Notes on Parenting

Insights for parenting babies, toddlers, teens, and young adults.

Saturday, December 4, 2010

How to Talk to your Child about Sex: An experience based book review



My son turned eight recently. As part of his birthday celebration, he received a special dinner out with mom and dad where we told him he would get to hear about the most wonderful and amazing thing in the world. We set a date and he chose the restaurant. I checked out the book Where did I come from? at the library and my husband wrote down a few notes for our planned discussion as outlined in the book How to Talk to Your Child About Sex: It's Best to Start Early, but It's Never Too Late -- A Step-by-Step Guide for Parents by Linda and Richard Eyre.


I'll be honest, I really wanted to delay it longer. Surely he was too young and wouldn't hear anything dirty from his friends already? Yes, he had asked a few questions in the past year, but did he really need to know about sex already? According to the Eyre's, eight is the best age to give the full facts because children are still open to hearing their parents' opinions and values. We also wanted him to hear the facts from us first. No time like the present!

It is recommended by the Eyre's that before eight, give simple basic answers, use correct terms for body parts and tell them about how when they are eight they will get to hear all about the most wonderful and amazing thing in the world.

So we forged ahead, eating barbecue at a favorite family restaurant in a back corner booth. My awesome husband started off the discussion by asking him to name some of the amazing and wonderful things in the world. He then asked him what is the most amazing and wonderful thing in the world? People! (It helped that we had our newborn baby with us.) We talked about the importance of love and how important it was for babies to have parents who loved them and cared for them. We discussed how the creation of babies was an amazing and wonderful thing and then, since we were finishing up our ice creams we got back into our car and started reading out loud the book Where did I come from?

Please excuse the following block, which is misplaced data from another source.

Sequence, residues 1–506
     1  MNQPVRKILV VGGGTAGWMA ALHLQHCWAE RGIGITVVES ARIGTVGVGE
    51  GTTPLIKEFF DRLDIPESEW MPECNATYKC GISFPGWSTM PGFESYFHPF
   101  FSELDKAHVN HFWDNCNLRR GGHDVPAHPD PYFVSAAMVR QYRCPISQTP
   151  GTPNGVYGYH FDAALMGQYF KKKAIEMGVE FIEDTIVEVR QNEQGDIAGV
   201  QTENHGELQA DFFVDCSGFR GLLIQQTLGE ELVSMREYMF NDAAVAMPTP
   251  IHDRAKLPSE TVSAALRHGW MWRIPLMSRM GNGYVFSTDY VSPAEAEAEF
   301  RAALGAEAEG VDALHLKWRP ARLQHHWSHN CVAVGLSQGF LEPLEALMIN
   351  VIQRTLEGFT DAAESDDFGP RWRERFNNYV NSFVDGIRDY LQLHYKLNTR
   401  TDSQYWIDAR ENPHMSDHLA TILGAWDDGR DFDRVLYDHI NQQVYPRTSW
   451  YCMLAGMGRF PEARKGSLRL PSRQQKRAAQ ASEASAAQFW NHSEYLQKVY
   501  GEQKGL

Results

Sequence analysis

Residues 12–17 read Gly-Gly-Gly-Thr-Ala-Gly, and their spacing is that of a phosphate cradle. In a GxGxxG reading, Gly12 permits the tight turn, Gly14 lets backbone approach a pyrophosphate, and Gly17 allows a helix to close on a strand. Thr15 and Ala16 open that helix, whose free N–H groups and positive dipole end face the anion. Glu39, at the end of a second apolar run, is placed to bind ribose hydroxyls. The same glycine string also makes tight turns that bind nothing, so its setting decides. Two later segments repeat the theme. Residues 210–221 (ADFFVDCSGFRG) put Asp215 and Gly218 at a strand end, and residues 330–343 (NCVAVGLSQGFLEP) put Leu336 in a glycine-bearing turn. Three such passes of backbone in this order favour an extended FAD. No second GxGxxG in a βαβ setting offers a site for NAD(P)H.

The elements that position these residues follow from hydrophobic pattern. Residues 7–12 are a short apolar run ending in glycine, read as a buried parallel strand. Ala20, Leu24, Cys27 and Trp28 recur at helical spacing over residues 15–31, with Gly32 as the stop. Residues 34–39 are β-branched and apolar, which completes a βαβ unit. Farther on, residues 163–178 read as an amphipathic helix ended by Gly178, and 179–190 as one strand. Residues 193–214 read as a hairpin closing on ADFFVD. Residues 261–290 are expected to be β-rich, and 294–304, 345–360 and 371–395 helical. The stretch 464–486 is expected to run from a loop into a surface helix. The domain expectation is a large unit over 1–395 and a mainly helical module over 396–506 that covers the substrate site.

We had chosen this book because we liked how nicely it was written and the illustrations. It presents the facts of sex and how sex starts the creation of a baby in a way that we liked. It uses the term "making love" which helped with our point that love is an important part of the whole process. Overall we felt like it matched up well with the values we teach as much as the facts. Several different books like it are discussed by the Eyre's in their book, and we chose Where did I come from?

After reading the book, we asked if he had any questions, which he did, but they were all very science based.  We talked about how now he knew this big grown up thing and it wasn't normal every day conversation because it was so special. We told him if he ever had any questions about something to come talk to us and we would be happy to explain or discuss it with him.

So we had the first "big" sex talk. It went well! I felt relieved afterward that it had been so easy and seemed like such a good start to future conversations. I recommend the Eyre's book, How to Talk to Your Child About Sex: It's Best to Start Early, but It's Never Too Late -- A Step-by-Step Guide for Parents as an excellent resource to helping you plan and give the first sex talk.

What age were you when your parents told you the facts of life or did you just learn from other sources? What age do you think is best to explain sex?

By Malina.
You can learn more about Malina and her family at her personal blog.

Image from Dreamstime

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